All The Books I Can Read

1 girl….2 many books!

Review: Guest House For Young Widows by Azadeh Moaveni

on October 23, 2019

Guest House For Young Widows: Among The Women Of ISIS 
Azadeh Moaveni
2019, 352p
Uncorrected proof copy courtesy of the publisher

Blurb {from the publisher/}:

An intimate, deeply reported account of the women who made a shocking decision: to leave their comfortable lives behind and join the Islamic State.

In early 2014, the Islamic State clinched its control of Raqqa in Syria. Baghdadi, the leader of ISIS, urged Muslims around the world to come join the caliphate. Having witnessed the brutal oppression of the Assad regime in Syria, and moved to fight for justice, thousands of men and women heeded his call.

At the heart of this story is a cast of unforgettable young women who responded. Emma, from Germany; Sharmeena from Bethnal Green, London; Nour from Tunis: these were women — some still in high school — from urban families, some with university degrees and bookshelves filled with novels by Jane Austen and Dan Brown; many with cosmopolitan dreams of travel and adventure. But instead of finding a land of justice and piety, they found themselves trapped within the most brutal terrorist regime of the twenty-first century, a world of chaos and upheaval and violence.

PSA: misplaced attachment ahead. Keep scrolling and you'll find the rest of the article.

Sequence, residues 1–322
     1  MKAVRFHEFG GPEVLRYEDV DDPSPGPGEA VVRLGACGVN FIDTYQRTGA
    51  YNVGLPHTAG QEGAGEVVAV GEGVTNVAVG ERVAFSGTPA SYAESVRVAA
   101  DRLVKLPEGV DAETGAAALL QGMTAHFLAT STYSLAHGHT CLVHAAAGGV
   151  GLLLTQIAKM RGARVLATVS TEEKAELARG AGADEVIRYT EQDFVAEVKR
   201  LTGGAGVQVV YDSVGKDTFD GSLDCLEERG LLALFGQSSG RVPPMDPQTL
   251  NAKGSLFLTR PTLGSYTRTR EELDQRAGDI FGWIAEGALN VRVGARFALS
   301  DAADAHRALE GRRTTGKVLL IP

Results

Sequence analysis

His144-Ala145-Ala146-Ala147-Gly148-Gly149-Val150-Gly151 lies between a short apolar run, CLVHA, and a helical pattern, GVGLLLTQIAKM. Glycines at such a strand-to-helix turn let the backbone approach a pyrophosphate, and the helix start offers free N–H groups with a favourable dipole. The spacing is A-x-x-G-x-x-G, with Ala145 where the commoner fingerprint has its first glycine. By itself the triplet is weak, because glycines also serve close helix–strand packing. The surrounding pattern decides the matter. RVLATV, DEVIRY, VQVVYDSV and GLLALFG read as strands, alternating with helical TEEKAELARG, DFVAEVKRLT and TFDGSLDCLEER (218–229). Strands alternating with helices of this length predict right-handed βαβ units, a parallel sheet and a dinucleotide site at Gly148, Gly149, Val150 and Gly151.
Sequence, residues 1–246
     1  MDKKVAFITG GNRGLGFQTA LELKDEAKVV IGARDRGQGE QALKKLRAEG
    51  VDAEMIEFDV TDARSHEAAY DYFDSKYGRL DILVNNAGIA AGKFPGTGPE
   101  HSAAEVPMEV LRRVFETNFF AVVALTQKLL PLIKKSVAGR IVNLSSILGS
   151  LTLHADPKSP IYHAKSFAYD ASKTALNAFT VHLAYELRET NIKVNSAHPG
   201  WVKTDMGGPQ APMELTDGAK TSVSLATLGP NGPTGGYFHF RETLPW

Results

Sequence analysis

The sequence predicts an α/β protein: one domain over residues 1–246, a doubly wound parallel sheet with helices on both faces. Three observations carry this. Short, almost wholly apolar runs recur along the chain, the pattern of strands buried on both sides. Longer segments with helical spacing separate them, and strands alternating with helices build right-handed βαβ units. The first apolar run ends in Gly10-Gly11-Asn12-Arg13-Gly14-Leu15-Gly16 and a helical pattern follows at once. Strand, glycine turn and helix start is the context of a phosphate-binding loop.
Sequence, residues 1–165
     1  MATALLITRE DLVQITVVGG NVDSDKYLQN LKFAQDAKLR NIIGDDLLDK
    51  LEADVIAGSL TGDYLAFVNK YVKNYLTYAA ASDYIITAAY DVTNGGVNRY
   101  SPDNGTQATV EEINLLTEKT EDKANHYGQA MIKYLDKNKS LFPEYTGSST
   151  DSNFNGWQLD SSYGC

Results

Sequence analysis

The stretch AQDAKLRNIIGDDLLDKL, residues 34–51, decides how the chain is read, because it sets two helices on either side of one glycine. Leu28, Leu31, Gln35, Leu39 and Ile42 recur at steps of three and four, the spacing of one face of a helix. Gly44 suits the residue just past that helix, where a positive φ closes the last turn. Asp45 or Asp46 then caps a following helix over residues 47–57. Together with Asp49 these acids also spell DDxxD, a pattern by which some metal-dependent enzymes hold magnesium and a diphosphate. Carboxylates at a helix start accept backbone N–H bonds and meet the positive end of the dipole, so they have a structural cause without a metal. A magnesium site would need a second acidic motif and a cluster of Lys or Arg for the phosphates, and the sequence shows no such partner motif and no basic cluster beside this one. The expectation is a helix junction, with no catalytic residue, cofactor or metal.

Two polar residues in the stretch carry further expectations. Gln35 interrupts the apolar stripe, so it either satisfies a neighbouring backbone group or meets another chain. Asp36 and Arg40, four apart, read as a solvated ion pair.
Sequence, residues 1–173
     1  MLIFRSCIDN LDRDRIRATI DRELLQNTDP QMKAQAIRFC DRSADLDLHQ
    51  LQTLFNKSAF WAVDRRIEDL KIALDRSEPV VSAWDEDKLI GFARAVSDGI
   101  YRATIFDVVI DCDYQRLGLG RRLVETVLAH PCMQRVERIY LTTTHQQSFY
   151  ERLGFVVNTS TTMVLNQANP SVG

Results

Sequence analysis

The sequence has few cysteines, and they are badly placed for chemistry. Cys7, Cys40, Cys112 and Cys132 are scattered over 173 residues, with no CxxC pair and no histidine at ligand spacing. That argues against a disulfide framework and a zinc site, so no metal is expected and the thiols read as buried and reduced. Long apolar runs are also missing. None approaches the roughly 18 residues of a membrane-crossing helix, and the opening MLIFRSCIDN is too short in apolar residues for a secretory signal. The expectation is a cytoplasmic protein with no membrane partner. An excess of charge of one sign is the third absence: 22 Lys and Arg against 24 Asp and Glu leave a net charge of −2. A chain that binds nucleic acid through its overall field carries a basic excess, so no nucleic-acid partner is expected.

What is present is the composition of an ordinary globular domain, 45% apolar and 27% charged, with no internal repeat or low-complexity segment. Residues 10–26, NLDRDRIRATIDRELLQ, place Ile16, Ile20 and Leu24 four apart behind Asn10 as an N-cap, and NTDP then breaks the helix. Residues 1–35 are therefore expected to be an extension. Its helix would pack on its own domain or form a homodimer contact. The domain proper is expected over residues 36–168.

What is the line between victim and collaborator? How do we judge these women who both suffered and inflicted intense pain? What role is there for Muslim women in the West? In what is bound to be a modern classic of narrative non-fiction, Moaveni takes us into the school hallways of London, kitchen tables in Germany, the coffee shops in Tunis, the caliphate’s OB/GYN and its ‘Guest House for Young Widows’ — where wives of the fallen waited to be remarried — to demonstrate that the problem called terrorism is a far more complex, political, and deeply relatable one than we generally admit.